Mandala sets can be made of various metals such as copper, brass, silver, gold or lesser quality materials. As with most other religious items, mandala sets may be embossed or engraved with Sanskrit or Tibetan mantras and symbols. Mandala sets often bear the markings of the eight auspicious symbols. The three rings signify the Three Jewels of Refuge, namely the Buddha, the Dharma and the Sangha. It is recommended that one have their mandala purified every month, or at the very least on an annual basis.

Mandala offering sets are a staple in the lives of Buddhist followers. Mandala sets provide an important preparation for daily meditation. Practitioners require mandala sets to help them balance the outer world with their inner mind. Especially used in conjunction with other meditative tools, the mandala set can grant the illusive virtues of wisdom and merit to devotees.

The Mandala Set, and other items of interest in Tibetan Buddhism, such as Tibetan Singing Bowls, are of interest to Sylvia Smelcer, who is the owner of websites offering these items. They can be found at

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Mandala Monday – The Art of Tibetan Sand Painting by Mark Feldman


Can you imagine spending several hours, days, or even weeks on a work of art, and then destroying it? The idea of creating something only to wipe it out when you’re finished is illogical and counterproductive to many people in the Western world. But in some cultures, this is a common procedure, and one that serves a deeper purpose than meets the eye.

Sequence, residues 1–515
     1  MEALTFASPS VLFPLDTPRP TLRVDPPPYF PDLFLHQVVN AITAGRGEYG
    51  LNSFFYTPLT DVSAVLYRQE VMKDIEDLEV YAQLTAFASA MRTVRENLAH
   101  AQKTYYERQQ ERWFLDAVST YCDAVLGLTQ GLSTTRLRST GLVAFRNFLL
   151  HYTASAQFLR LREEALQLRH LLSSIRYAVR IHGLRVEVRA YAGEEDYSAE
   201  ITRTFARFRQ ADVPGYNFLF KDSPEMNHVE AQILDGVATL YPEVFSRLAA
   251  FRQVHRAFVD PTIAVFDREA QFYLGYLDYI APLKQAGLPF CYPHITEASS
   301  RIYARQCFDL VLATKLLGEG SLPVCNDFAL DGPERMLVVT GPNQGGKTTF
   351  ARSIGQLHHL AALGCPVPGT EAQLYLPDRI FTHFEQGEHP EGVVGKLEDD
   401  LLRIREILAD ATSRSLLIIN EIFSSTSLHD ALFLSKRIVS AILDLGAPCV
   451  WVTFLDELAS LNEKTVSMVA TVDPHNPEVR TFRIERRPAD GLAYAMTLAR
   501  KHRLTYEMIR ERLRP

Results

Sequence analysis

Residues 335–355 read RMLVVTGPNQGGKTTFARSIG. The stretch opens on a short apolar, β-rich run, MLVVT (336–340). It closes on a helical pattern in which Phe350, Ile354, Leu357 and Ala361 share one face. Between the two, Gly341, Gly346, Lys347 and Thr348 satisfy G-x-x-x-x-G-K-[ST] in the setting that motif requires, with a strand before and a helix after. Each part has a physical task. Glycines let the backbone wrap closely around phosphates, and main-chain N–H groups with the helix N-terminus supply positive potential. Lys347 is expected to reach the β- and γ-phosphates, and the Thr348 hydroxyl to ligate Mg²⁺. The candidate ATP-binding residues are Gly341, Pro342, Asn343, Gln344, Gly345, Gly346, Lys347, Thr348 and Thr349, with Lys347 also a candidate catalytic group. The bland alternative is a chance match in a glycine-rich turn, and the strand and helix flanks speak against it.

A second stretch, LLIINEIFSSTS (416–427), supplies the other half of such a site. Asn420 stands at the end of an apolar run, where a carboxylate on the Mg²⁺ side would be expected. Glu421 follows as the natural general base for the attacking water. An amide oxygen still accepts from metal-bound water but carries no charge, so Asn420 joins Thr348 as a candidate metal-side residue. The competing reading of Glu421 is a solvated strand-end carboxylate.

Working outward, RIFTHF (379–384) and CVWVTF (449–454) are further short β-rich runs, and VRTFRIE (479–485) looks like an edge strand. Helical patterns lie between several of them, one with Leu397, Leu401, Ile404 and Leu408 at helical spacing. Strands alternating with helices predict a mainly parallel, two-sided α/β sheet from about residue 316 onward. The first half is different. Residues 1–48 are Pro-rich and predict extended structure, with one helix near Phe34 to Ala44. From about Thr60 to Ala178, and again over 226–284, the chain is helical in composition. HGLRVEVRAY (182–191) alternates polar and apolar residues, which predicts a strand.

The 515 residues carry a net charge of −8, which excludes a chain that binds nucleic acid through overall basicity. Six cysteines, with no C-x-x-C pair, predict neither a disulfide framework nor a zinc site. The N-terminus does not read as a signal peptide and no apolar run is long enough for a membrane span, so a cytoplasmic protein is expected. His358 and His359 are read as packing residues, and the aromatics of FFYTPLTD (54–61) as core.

Sand painting is the perfect example of ephemeral art – that is, art that is meant to be temporary. To create a sand painting, colored sand is poured carefully into predetermined patterns. Sand painting is a common practice amongst many diverse indigenous cultures from around the world, including the Australian Aborigines, the Native Americans, and the Tibetans, as shown above. Tibetan sand painting is a perfect example of making art that values ‘process’ over ‘product’. In the Western world, it’s often the opposite – artists labor over paintings for the purpose of selling them for profit. The art, even though it may be a labor of love, is also a ‘product’. The ‘process’ of making art is treated as a means to an end. In Tibetan sand painting, the process of creating the intricate sand mandalas is far more important than the final product. Tibetan sand paintings are created by Buddhist monks for ritual purposes related to healing and blessing. As the sand mandalas are painstakingly created, viewers are often allowed to watch and admire the precision of the artists and the beauty of the design. Destroying the finished sand mandalas contains a ritual purpose as well; it is a lesson on impermanence. Perhaps artists from Western cultures can benefit from some of these ideas by paying closer attention to the process of making art, rather than worrying about how the final product will turn out.

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About the Author

Mark Feldman is President of SegTech, a company devoted to a wonderful Image Segmentation technology called Segmation. Segmation – The Art of Pieceful Imaging

Paint-by-numbers meets modern technology in SegPlay® PC, a computerized paint-by-numbers program for Windows 7, Vista, XP and 2000. With twenty built in images and powerful features for artsy types and casual gamers, SegPlay® PC is simple to use with infinite variety.

There are also hundreds of available add-on patterns for SegPlay® PC organized in over 100 categories from famous historical artists to colorful illustrations to natural photographic scenery.